It's been a fortnight since the Beast from the East swept in during our Great Migration.
As with every move, something vital isn't in the box I thought it was, my favourite (insert household item) doesn't fit, & there's a list of niggling repairs to compile for the agent.
But with the snow gone, every afternoon, you'll find me in the garden.
1. Potting shed.
Our previous houses've had multiple outbuildings - sheds, garages, sometimes even an apple store or outdoor flush toilet. Our new place had this:
|A bit of fencing propped on top of a slide.|
But alas, this fine structure wasn't for us - the landlord hauled it away. (The proper shed in the photo belongs to my neighbour. Note the terraces for later.)
|Levelling the base area.|
Our potting shed'll go in the same place. I chose plastic over a cement or stone base so we can take it with us when we move (hopefully to our forever home, this time).
There's about 4" of loose, dry topsoil, then paving stones underneath. Might've saved a quid or two if I'd poke around a bit first. On the other hand, not sure how even the pavers are. Once I realised they were there, I worked on smoothing the topsoil rather than digging them out.
A weed barrier goes under this grid, but for now, it's easier to put it in place & get it level, rather than measuring & remembering the math.
2. Abscondment explained.
Besides abandoning their survivalist's shed, the amount of stuff left in the house suggests the previous tenants did a runner. When levelling the shed space, I found critical evidence to explain this dead-of-night departure.
|The murder weapon.|
My family remains unimpressed. One callous soul even reminded me of the bones I dug up in a previous garden, how they also set my mind to murder. Turned out, I'd unearthed someone's dead dog.
Imagination's like a muscle, you know. Gotta exercise it.
We've never had a terraced garden before. It'll probably become our veg patch, but for the moment, I keep staring at it like a love sick puppy, taking in the details. Here's a little beauty growing in the masonry. It smells of anise so I reckon it's fennel.
|Growing in the cracks.|
Under one of the trees at the top of the terrace, I found a hollyhock that looked as if someone had yanked it out of the ground & flung it there. It was still alive, so I tossed it in a trug that had melted snow in the bottom to rehydrate the thing, then forgot about it.
The next day it was still alive, so I stuck it in a nearly empty bag of compost, splinted its broken stem with a Magnum stick & some packing tape, then propped it against the fence. We'll see how it goes.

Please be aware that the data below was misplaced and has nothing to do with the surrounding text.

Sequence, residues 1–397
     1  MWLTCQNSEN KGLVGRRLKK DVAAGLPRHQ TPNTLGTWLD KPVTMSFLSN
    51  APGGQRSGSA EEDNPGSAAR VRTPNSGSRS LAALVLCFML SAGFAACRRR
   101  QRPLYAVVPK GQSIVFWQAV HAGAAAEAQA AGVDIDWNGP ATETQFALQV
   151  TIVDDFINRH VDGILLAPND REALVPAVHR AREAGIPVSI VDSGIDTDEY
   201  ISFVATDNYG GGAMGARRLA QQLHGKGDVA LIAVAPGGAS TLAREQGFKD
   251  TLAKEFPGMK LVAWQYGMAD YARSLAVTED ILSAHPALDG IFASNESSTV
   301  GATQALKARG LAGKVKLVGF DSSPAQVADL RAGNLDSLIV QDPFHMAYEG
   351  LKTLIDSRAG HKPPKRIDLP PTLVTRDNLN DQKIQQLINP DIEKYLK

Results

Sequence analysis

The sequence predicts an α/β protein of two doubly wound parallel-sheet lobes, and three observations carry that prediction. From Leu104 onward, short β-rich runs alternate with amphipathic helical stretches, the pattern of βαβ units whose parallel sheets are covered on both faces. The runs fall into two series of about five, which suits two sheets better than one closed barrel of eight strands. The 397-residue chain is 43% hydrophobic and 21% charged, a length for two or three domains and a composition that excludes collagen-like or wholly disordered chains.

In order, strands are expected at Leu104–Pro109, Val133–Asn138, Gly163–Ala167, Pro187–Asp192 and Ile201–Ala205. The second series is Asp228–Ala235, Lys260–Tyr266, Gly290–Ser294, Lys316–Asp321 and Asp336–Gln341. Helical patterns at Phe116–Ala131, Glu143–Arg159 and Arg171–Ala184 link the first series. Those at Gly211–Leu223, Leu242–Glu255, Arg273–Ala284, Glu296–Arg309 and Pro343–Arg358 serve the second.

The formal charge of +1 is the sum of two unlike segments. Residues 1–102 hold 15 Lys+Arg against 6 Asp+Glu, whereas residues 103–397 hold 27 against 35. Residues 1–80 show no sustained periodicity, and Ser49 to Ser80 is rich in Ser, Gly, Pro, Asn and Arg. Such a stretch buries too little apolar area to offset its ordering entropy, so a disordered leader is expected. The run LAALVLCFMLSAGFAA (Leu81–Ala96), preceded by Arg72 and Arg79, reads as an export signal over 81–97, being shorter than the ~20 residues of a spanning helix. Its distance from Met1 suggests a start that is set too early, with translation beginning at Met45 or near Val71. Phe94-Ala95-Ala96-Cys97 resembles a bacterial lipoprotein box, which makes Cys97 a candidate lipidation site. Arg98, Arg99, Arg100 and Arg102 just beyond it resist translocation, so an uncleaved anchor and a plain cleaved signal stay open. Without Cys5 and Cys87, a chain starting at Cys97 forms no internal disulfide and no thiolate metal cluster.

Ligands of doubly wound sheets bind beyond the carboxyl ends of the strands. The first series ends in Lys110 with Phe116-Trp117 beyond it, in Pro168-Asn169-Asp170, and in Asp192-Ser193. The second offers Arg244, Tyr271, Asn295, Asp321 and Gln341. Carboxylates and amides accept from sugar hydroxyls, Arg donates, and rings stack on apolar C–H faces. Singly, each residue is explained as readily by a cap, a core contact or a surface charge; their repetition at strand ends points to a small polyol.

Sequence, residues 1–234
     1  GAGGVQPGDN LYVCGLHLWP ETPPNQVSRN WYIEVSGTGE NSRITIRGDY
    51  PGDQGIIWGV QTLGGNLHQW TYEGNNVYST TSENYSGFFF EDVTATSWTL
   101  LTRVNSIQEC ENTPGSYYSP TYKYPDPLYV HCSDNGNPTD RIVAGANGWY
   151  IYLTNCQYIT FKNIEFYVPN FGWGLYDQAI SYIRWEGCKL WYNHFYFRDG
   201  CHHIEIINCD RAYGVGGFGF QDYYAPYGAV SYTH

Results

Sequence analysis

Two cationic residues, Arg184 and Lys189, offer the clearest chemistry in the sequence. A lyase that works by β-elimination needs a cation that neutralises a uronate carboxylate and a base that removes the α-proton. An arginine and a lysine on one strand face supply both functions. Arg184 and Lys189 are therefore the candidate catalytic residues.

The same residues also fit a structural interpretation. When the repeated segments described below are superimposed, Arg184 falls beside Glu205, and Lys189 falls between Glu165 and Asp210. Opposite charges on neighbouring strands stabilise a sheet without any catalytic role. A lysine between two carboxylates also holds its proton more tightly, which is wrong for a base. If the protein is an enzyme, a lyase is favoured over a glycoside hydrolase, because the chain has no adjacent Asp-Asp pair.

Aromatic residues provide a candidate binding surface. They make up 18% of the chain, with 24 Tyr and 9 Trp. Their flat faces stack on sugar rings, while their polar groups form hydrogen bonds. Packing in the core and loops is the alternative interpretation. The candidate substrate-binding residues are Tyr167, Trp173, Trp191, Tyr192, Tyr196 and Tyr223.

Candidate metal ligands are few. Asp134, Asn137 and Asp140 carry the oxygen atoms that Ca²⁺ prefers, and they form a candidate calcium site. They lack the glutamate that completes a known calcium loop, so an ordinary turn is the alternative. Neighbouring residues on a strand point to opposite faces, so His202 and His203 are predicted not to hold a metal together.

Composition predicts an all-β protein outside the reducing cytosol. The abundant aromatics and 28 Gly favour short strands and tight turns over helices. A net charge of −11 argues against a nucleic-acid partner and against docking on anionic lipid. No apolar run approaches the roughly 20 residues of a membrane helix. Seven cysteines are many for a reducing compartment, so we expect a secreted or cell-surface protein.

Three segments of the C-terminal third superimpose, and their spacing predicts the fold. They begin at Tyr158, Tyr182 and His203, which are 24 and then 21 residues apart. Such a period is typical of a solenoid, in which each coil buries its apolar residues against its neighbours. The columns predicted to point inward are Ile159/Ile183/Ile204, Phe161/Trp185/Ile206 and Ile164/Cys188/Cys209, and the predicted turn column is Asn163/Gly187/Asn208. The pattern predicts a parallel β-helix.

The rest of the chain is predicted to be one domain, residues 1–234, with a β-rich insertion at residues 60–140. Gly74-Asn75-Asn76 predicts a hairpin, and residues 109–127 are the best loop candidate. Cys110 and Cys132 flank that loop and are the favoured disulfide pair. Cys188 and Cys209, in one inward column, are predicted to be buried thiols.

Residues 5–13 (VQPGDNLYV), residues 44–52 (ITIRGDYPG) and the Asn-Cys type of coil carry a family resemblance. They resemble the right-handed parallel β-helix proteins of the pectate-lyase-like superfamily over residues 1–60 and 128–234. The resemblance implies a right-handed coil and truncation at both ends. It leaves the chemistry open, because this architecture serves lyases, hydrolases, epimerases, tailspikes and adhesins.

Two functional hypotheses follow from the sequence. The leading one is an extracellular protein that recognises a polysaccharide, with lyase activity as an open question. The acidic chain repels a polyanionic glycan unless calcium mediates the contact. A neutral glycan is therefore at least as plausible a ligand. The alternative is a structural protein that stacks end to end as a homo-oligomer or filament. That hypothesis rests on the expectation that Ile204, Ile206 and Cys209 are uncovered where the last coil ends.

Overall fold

|Patient's recovering well.|
5. Rt Hon Lady BossyBoots
Your one appeared in our back garden unannounced. A bit forward for a Brit, but not for an Appalachian, so no offense taken. She asked what trees were in my potted forest.
Before I can open my mouth, she spews a list of her own trees, & why's that fig back here - move it to the front garden, do you feed it there's your mistake, neverfeedafigit'llneverfruit, they love to suffer & that hollyhock's just a wild (dismissive flick of the hand), tiny (grimace) green flower, you won't like it, I have purple hollyhocks I'll give you, granny's bonnets, that's what you need, did you know your house was a cannabis factory?
I'd hoped for murder, but a grow house. That'll do.
And she was IN my back garden, Mr Propagator, so she counts as one of my Six.
6. Kickass Compost
Thus explained, the 10 bags of this stuff the last occupants left beside the back door. Rumour has it the entire crawl space under the house is full of it. I've not found access to the crawl space yet, but if I do, I'm going in.
Apparently, it's an hydroponic mix. I've been researching how to use it in the veg patch. My initial searches included the word 'cannabis' which led me to blocked sites. Might have to have a word with our resident hacker.
Until then, does anyone know whether this stuff needs cut to work in the garden or can it be used full test?
|Cuttings still hanging in there.|
It's been an interesting move.
Best of all, the garden feels good. A few weeks ago in this very blog, I let loose on hating my garden . I was only able to do that because we were leaving the damnable place.
Now this week . . . well, during one of my rests, I sat looking at the witch hazel, the last of its crinkly red flowers drying out for seed. I thought, move that to 11:00 & it'll be perfect.
So I did. And it was. This garden feels good.
I'm not alone in this feeling. If you want to read more gardeners in love with their patch, head over to The Propagator for his & other stories by the half dozen.
See you next week.